232. Railings For Roof Protection

In cities, where houses adjoin each other and have their roofs on the same level, the roofs are protected from thieves by wrought-iron picket railings made of 1/2-inch to 3/4-inch diameter bars, from 3 to 5 inches apart between centres and from 5 to 7 feet in height, extending in a quarter circle over front of cornice. The longitudinal bars are 1 1/2 X 1/2-inch flat iron. The pickets are single or double pointed, in fact made as jagged as possible.

233. Pipe Railing

For neat, inexpensive and substantial railings, pipes connected and screwed into couplings are the simplest. The rails can be bent to any desired pitch and angle. The standards or posts are also of pipe, and are set into and secured to cast-iron sockets, and further secured to the coping or base upon which they set by expansion bolts.

234. Corrugated Flooring

The trough-shaped sections as shown are now successfully used in the floors of buildings as well as bridges. The smaller section, A, is generally applied to buildings as shown at Fig. 1, while the larger section, B, is better adapted for bridges, as Fig. 2.

234 Corrugated Flooring images/ArchitecturalIronAndSteel01 90

* Taken from Pencoyd Iron Works Handbook.

The following table gives weight per square foot of floor surface for different thicknesses of the section; also the moments of resistance for one foot in width.












Weight per square foot in pounds.











Moment of resistance for 1 foot in width.











235. Tanks

An ordinary tank, open to the atmosphere, will have no other strain to withstand beyond that which is due to the weight of water in it; hence the maximum strain on the plates will be reached when the tank is full of water. The tank made of wrought-iron plates should, if of any considerable depth, be strengthened at intervals by angles or tee irons, in order to prevent the sides bulging out; and this being the case, the proper thickness of plate at any depth can be found from the following Rule. To find the thickness in inches of any plate necessary to resist the pressure of the water, divide the distance in feet between the strengthening ribs by 20, and multiply the quotient by the square root of the depth in feet from the surface of the water to the plate under consideration.

For example: Let a tank be 10 feet deep, the distance between ribs 3 feet; then the depth of the bottom plates will be 10 feet. Hence, as 3.16 is the square root of 10, we proceed thus:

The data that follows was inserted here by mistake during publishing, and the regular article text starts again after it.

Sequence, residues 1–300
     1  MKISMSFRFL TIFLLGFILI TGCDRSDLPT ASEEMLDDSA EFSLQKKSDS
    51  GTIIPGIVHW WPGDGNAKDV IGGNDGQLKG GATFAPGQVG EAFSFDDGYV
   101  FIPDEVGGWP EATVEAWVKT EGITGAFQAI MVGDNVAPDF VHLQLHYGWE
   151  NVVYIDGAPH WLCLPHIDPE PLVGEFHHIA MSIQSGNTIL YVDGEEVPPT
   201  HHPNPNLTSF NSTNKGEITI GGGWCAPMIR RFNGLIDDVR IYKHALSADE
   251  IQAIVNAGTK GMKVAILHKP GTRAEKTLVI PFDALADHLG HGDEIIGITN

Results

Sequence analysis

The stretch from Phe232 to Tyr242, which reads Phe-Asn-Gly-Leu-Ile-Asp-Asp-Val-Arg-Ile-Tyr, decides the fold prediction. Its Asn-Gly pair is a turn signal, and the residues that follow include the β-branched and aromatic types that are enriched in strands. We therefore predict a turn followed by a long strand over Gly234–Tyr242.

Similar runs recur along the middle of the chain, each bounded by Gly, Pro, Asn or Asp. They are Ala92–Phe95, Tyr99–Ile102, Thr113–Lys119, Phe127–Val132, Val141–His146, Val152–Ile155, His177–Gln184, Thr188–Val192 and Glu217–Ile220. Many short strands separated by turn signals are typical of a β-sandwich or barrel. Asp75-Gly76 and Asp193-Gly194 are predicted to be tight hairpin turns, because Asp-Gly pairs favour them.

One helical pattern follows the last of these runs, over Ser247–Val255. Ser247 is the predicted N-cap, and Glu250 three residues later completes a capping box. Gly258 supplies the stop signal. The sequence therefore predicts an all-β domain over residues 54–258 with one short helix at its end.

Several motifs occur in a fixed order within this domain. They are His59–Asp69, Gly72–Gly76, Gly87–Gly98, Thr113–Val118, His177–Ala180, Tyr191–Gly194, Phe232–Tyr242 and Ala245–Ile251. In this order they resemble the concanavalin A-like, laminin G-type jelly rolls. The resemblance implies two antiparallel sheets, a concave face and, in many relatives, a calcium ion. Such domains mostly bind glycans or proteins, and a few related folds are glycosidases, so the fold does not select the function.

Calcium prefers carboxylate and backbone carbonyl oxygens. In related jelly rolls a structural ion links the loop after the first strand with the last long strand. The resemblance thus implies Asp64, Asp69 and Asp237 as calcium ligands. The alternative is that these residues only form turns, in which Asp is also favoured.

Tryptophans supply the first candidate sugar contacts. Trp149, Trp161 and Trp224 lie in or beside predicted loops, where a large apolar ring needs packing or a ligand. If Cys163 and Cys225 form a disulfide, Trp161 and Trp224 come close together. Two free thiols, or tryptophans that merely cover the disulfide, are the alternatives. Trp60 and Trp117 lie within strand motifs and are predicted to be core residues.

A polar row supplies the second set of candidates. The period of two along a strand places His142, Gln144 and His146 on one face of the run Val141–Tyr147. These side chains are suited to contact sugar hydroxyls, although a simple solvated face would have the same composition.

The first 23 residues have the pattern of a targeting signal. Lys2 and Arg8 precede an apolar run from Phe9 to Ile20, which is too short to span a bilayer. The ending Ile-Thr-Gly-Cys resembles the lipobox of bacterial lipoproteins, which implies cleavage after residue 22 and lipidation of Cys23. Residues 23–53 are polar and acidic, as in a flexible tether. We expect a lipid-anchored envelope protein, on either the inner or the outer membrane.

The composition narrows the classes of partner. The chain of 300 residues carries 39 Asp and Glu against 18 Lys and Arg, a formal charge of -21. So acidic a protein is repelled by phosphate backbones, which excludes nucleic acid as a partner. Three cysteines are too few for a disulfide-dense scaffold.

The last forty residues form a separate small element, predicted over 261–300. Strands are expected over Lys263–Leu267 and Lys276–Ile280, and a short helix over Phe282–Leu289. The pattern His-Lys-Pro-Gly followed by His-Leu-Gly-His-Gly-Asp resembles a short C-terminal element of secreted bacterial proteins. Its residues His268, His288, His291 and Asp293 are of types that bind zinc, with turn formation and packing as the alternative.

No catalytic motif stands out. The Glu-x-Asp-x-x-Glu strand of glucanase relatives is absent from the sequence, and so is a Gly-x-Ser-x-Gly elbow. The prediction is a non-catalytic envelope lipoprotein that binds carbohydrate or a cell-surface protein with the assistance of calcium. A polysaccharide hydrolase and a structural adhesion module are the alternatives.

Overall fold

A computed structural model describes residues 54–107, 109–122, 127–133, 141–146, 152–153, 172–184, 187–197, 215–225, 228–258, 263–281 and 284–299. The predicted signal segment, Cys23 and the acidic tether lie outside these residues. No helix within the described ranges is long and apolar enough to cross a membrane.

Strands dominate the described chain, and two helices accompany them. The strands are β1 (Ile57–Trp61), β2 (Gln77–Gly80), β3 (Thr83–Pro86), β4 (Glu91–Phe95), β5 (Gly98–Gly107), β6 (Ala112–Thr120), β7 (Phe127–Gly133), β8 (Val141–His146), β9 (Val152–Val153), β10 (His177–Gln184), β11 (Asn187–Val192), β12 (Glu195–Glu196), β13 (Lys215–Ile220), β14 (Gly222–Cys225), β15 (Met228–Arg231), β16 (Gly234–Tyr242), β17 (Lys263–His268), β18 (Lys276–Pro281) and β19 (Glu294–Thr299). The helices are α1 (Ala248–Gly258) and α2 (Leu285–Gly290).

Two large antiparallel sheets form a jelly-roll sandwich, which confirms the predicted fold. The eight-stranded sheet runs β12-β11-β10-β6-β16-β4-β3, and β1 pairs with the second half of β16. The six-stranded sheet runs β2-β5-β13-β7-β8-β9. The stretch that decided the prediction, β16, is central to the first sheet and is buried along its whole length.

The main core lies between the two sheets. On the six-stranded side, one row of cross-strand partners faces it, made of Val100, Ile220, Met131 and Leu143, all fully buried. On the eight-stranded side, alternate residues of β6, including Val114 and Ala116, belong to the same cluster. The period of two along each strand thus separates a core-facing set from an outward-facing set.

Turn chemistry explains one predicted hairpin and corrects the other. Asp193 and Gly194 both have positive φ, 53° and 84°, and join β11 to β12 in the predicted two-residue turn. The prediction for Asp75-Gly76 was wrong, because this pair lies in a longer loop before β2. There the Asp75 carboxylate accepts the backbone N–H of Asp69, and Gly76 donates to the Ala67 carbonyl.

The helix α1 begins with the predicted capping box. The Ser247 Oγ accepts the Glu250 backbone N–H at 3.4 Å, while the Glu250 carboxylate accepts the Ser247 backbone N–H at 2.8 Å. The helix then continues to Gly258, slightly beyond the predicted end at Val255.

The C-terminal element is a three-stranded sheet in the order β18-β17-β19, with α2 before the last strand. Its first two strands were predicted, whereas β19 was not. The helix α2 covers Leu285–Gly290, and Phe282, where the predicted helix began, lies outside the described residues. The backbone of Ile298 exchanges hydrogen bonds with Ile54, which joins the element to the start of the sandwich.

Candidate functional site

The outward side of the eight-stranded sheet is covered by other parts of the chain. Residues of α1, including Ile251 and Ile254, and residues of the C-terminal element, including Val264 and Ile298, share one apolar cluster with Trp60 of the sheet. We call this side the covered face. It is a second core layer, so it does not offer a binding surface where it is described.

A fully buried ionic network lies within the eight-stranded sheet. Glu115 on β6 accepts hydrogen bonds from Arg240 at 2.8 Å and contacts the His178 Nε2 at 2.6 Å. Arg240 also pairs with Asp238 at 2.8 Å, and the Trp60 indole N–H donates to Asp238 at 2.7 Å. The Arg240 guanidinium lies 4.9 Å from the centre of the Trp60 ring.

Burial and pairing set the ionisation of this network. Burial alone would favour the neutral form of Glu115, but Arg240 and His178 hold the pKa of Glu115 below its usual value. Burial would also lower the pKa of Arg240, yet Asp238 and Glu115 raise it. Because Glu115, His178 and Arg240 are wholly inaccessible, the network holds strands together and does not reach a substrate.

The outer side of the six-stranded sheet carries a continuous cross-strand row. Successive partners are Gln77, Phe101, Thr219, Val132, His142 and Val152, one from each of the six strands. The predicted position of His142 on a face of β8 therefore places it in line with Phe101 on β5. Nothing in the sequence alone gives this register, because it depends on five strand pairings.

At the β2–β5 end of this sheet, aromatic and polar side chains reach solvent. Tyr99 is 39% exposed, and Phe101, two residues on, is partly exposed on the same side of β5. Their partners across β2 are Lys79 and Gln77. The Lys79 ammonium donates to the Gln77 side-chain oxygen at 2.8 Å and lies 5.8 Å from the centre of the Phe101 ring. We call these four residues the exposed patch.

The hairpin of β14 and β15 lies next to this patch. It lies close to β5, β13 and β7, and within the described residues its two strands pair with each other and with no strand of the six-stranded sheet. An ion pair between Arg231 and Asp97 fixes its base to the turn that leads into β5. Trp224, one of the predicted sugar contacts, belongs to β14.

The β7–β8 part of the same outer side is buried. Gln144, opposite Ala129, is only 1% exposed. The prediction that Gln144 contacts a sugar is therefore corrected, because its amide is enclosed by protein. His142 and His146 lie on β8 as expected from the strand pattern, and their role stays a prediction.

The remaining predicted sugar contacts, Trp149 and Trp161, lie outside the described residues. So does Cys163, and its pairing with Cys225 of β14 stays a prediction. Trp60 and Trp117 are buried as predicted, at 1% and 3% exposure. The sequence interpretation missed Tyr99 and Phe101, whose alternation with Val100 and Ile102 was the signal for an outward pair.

20)3 feet = distance between ribs.


3.16 = square root of depth.


15 45

.4740 inch = thickness of bottom plate. Or the thickness of bottom plate should be not less than 1/2 inch.

Having found the thickness of bottom plate, the next step is to determine that of the side plates. The thickness must be calculated for the depth of the lower edges of each tier of plates where the maximum strain will come. A tank of the dimensions assumed would be made with three tiers of plates, forming the sides, each tier being 3 feet 4 inches deep, so as to make up a total length of 10 feet of the tank, and upon these depths we may base our calculations.

The bottom tier of plates should be of the same thickness as the bottom plates of the tank, that is 1/2 inch, as their lower edges are the same distance below the surface as the bottom plates. The lower edge of the second or middle tier of plates will be 6 feet 8 inches (6.67 feet) below the top of the tank.

20)3 feet = distance between ribs.


2.58 = square root of depth in feet.


75 30

.3870 inch = thickness of middle tier of plates. The middle tier should therefore be 7/16 inch thick.

The lower edge of the top row of plates will be 3 feet 4 inches (3.34 feet) below the top of tank.

20)3 feet = distance between ribs.


1.82 = square root of depth.

30 120 15

.2730 inch = the thickness of top row. So the top row should be 5/16 inch thick.

The angle irons, tee irons and cover strips should be proportionate to the thicknesses of the plates. The 1/2-inch plate should be fastened with 3/4-inch rivets, the cover strips 4 inches wide. The angle iron for joining the bottom of tank to the sides should be 2 1/2" X 2 1/2" X 1/2", thus allowing 2 inches width of plate for each rivet, which may be 2 inches pitch. Vertical tee irons should be 4" X 3" X 1/2". The5/16-inch plates should have 5/8-inch rivets, with cover strips 3 1/2 inches wide, and stiffening tee irons 4" X 3" X 1/2" - the 5/16-inch plates to be jointed the same as the 7/16-inch. The vertical stiffeners should be bent across the top of the tank so as to form frames; and the edges of the tank may be stiffened by angle irons 3 X 3 X3/8 inch.